My first year at the 3-Day, my younger sister raised over $3,000 in five days with less than ten people, so she showed me what was possible. I naturally set large goals that push me to raise more money or sign up for more events. In 2012, I remember setting a goal that I wanted to earn the big tent that a sponsor used to provide to the top fundraiser. That year, they changed the reward, and the top fundraiser got something different. I was proud to be top fundraiser, but I really wanted that big tent! The sponsor representative surprised me with it when I arrived at camp. What a selfless gift, and an amazing representation of the Pink Bubble! I know it’s crazy that I was excited about a tent, but we stayed at camp in tents for the first 10 years. Once we began earning a free hotel for our fundraising, our team enjoyed the comfy bed and dry conditions, so we have been glamping. 

We are an Ohio team, and therefore, the incentive to earn a flight and hotel motivated our team to be super fundraisers. Some years our team is small, and one year we had 17 people participate on the Bouncin’ Buckeyes team. Raising extra money allows us to help our teammates so they reach their fundraising requirement. 

I see a number like this: $281,064 raised and say to myself, I can reach $300,000. 

What are your best fundraising tips? 

Keep asking. Email and send physical letters with your donation form. Send reminders, because we all get busy. Create a sense of urgency (like, two days before the deadline). Share your story. There are many worthwhile charities and the people that donate have a set amount of money. By sharing your passion, they will donate to you and your efforts. Send thank you cards with your link for the following year, so you kick off fundraising for your next walk. 

My older sister worked for a company that offered matching gift donations and her donations helped us tremendously. We are so grateful for her generosity! 

Any advice you have for those struggling to meet their fundraising minimum? 

Set goals. Make it fun! Remember why you signed up. If you are speaking negatively, change your mindset. Don’t get discouraged when someone doesn’t donate. I have extended family members and friends that have been diagnosed that haven’t donated to me. I’ve also had strangers and people that I barely know who have donated to me. Refer to the fundraising tips on the 3-Day website. Share your pictures from the 3-Day and from your training walks. Be sure to include the link to your donation page. If someone has to turn to Google to find out how to donate, they may not take the extra steps to make a donation.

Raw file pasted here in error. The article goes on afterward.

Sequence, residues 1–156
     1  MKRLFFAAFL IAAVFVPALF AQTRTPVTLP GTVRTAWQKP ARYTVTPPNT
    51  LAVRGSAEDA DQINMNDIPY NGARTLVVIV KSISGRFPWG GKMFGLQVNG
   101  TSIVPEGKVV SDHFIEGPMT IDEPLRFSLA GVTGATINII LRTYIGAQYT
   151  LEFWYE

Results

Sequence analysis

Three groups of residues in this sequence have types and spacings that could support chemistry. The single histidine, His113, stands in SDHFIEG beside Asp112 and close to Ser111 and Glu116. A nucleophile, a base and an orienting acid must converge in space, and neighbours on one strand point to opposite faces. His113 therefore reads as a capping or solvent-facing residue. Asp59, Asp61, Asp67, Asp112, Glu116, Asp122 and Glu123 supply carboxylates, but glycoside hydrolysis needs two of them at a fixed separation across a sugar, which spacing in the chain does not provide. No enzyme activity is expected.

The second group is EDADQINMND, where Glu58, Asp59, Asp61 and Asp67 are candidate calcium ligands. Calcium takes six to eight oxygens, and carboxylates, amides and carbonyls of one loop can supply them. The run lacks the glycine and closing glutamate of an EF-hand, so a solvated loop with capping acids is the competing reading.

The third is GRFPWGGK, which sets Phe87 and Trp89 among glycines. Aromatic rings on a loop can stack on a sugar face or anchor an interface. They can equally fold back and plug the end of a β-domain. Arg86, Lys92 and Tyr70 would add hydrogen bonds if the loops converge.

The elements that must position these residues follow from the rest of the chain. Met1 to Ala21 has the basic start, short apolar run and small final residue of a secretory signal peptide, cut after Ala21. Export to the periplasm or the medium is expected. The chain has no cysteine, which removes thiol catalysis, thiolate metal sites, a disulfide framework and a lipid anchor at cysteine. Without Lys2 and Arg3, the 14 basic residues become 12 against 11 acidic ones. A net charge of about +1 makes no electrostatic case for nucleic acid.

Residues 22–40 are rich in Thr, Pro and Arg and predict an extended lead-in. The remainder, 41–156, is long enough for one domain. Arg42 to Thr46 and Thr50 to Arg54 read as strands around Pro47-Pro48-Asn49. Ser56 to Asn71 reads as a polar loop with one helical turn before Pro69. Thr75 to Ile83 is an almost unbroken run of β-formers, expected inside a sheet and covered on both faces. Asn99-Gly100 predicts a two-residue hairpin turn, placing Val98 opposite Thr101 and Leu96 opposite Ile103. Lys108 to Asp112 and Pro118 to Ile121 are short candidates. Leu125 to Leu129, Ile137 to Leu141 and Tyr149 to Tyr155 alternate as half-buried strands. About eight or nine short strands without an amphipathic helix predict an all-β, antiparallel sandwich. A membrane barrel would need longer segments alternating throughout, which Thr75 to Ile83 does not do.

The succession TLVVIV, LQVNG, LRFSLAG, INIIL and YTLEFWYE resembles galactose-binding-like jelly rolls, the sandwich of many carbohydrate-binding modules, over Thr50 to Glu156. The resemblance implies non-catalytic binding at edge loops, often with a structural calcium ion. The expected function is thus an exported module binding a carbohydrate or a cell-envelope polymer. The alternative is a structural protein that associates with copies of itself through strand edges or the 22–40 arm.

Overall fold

What impact has being on a team made for you? Would you advise other walkers to join a team? 

I’ve been part of a team of two and a team of 17. They are different experiences, and all bring great joy. I’ve been walking with one of my teammates, Heather, since my second walk and with another teammate, Bobbi, since my third walk. We have people that have walked once and some that have walked and crewed multiple years. All of these situations were exactly what we needed as a team for that year. Life takes us in different directions and even though we can’t all gather to walk the 3-Day, we have amazing support from those that have walked with us over the years.   

I have walked in 3-Day events where people walk alone, but they really don’t walk alone. You always see people say “hi” as they pass by or even walk with them. It’s an amazing community. New walkers should try to train with others. If I had not met Dancing Lady and her team in 2005, I don’t believe I would have been set up for success. As we did training walks, we learned what shoes and clothes work and which ones do not. Training alone can be challenging to stay motivated for a 5–8-hour walk, but if you are a solo walker, you will never be alone during those 60 miles. 

What does the 3-Day/Pink Bubble mean to you? 

I look forward to the “Pink Bubble” each year. It’s a few days a year where people gather that have made sacrifices to end breast cancer. We are an elite group that sees value in improving lives around the world. Remember, if it were easy, everyone would do it. We show up so that others can have moments with their families.   

We are a loving and inspiring “Pink Bubble” and I only wish I lived closer to more of my 3-Day family. Since we can go a year or more between seeing each other, it makes the 3-Day even more special. Thank you, social media, for bringing us together throughout the year! 

What’s something you want the Pink Bubble to know about you? 

I love animals (I have two golden retrievers and two cats). Our team always stops to pet dogs. If I see a snake on the road I will jump and run away (happened on a training walk). I love taking vacations with my mom, two sisters, nephew and friends. I love to visit National Parks! 

Anything else you’d like to add? 

I’ve worked very hard to raise the money that I have for Susan G. Komen. I wouldn’t be successful without my family, team and our supporters over the years. My older sister has walked but we all love that she is now our mobile cheer station and supports us on route. To date, our Bouncin’ Buckeyes team has raised over $654,974 since 2005. I had no idea when our team of three signed up in 2005 what this would turn into. We each make a difference! Thank you! 

For more inspiring stories and fundraising tips from our other $250,000 lifetime fundraisers, click here.